Litter, Student Parties and Anger: are HMOs Wrecking Liverpool’s Family Streets?

Kat Walsh says she only really understood the extent of the housing problem in Liverpool when she had to leave her current house. The landlord was selling and she was unable to find any other suitable accommodation in Wavertree. “Looking for another house has opened my eyes to the lack of family-friendly housing,” she says. “Our budget is up to £700 but there are no properties to be found in Wavertree.”

She’s now looking to move to Walton or Kirkdale, and while there’s “nothing wrong with those areas,” — they’re not home. “Wavertree used to be full of families,” she adds. Her son is autistic, which means he needs space, and losing the familiarity of the streets he has always known is painful for him. “He has been having panic attacks and is quite distressed,” she says.

Kat was one of 91 south Liverpool residents who responded to The Post’s mini-survey on so-called Houses in Multiple Occupation or HMOs, which tend to be terraced properties converted to house students, young professionals or offer sheltered accommodation. Officially, an HMO is a building where multiple people live, with shared facilities such as kitchens and bathrooms, and some definitions include the notion that at least some of the residents are on short-term tenancies.

Liverpool’s relatively cheap housing and expanding student population have led to a boom in HMOs, converted and rented out by specialist student landlords, lettings agencies and investors from outside the city. Across the country, HMOs have surged in the past decade, partly driven by a 2011 change to housing benefit rules which dictates that under-35s can only claim enough to cover a single room. Liverpool has been a boom area for outsider investors hungry for cheap properties.

Last year, amid rising public anger, Liverpool City Council moved to limit the rise of HMO conversions, admitting in a press release: “Fears have been expressed that the volume of HMOs has reached ‘a tipping point’, which is threatening the housing offer in the city for families and causing parking, anti-social behaviour and waste collection issues in certain neighbourhoods.”

The problem is particularly acute in Wavertree, where up to 50% of houses in some streets are HMOs, according to a local councillor — predominantly student digs. The councillor told us that there are 4000 people living in half a square kilometre in the densest cluster: the streets known as The Dales off Smithdown Road.

‘The Dales’ in Wavertree.

Of the 91 responses to a survey we shared in south Liverpool Facebook groups, 73 responses came from Wavertree. 89 respondents said there were “a lot of HMOs” in their area and 70 said HMOs have a negative effect on the neighbourhood they live in.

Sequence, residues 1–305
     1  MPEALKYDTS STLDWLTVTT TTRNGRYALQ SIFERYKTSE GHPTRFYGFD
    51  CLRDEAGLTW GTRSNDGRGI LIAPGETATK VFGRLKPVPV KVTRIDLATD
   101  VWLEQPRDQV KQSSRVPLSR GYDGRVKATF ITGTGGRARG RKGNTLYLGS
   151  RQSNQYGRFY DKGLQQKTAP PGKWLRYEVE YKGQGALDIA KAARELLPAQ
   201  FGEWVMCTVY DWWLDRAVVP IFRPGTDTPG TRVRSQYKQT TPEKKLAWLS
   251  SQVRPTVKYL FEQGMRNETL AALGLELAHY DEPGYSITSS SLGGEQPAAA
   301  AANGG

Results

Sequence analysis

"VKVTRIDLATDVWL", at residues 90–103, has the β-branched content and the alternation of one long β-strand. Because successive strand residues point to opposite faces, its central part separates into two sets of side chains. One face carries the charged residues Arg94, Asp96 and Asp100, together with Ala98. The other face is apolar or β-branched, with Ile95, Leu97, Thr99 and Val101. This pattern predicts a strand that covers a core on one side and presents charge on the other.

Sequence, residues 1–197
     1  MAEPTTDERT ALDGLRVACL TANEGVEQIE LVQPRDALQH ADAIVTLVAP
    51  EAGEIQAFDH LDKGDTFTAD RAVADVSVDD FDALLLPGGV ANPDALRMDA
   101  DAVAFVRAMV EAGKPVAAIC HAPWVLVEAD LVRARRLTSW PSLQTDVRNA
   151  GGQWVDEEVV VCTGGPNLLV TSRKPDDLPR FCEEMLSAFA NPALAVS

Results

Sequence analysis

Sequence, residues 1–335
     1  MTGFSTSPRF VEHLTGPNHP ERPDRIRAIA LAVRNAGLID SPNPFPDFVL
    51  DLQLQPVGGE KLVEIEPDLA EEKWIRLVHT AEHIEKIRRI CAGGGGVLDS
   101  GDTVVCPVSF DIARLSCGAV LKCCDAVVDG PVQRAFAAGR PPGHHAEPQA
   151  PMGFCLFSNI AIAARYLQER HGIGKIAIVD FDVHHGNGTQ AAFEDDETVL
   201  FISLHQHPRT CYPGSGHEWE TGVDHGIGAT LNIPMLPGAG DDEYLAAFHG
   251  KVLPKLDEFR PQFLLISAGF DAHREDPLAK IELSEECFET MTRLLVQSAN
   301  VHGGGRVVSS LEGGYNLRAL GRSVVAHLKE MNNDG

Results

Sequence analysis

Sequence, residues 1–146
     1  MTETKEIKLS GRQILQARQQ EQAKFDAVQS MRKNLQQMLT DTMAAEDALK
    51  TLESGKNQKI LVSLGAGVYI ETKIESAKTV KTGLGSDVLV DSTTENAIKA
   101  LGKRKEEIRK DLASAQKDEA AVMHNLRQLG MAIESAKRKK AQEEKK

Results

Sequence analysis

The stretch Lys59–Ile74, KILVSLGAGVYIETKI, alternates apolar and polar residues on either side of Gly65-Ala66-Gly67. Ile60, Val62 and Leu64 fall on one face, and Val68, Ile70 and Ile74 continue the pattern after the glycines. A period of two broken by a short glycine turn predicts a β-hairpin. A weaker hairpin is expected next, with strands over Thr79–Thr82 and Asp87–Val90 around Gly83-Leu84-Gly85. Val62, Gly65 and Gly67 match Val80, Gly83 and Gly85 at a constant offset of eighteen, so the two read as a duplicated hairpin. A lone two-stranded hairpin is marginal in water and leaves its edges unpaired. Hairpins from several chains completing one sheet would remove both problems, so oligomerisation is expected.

Some respondents pointed out that HMOs can provide affordable shared housing for people on lower incomes, and others mentioned the role of HMOs in the recent regeneration of Smithdown Road. Many, however, complained about problems with litter, noise, parking, rats and a range of low-level anti-social behaviour they say are caused by family homes being divided up and rented out to more transient residents who have less of a stake in the area.

Floorplans listed on estate agents’ websites show how terraces in the area have been converted to HMOs, with ground floor rooms and lofts converted into bedrooms, each featuring en suites. Some terraced Liverpool homes can house up to 11 students. Meanwhile, the council’s planning site shows applications for permission to turn houses into HMOs across the city, from Everton to Wavertree and Mossley Hill.

To pick one example, the council’s licence register shows 55 HMOs on Garmoyle Road — a street in Wavertree with 154 houses. But residents say there are more HMOs than the council knows about, with landlords stuffing houses full of tenants and applying for a licence retrospectively — or not at all.

One of the boom areas for HMOs is Picton, where residents such as Beryl Harrison and Louise* have been trying to engage councillors over what they see as an existential threat to their community. “The community used to be a very happy one,” says Beryl. “We’re a sick community now.” When asked to sum up how she feels, Louise offers: “Emotionally drained and totally depressed.”

Beryl moved into her current house on Grosvenor Road in 1973, was married in St Bridget & St Thomas’ Church on Bagot Street, just around the corner, and had the reception in the nearby Orange Hall (the Memorial Church of the Protestant Martyrs on Lawrence Road, which only recently survived an attempted demolition and conversion to student flats).

She says that while the area has changed, even ten years ago Picton had a good mix of residents, with perhaps half the current number of students. She recalls once leaving the house for a pint of milk; by the time she got home it was sour, it had taken so long to get back from the shop as she stopped to talk to so many neighbours. “It was probably just one of the most lovely afternoons chatting to my neighbours,” she says. “It’s just a funny story really but it gives you an idea of what it was like to live around here.”

Beryl Harrison

Both feel that the conversion of many more local houses into HMOs has led to a loss of diversity and community spirit, as families have moved away, been priced out of the area or moved on by landlords who can make more money converting family homes. With them have gone the community assets: church halls, pubs and community centres, say the pair.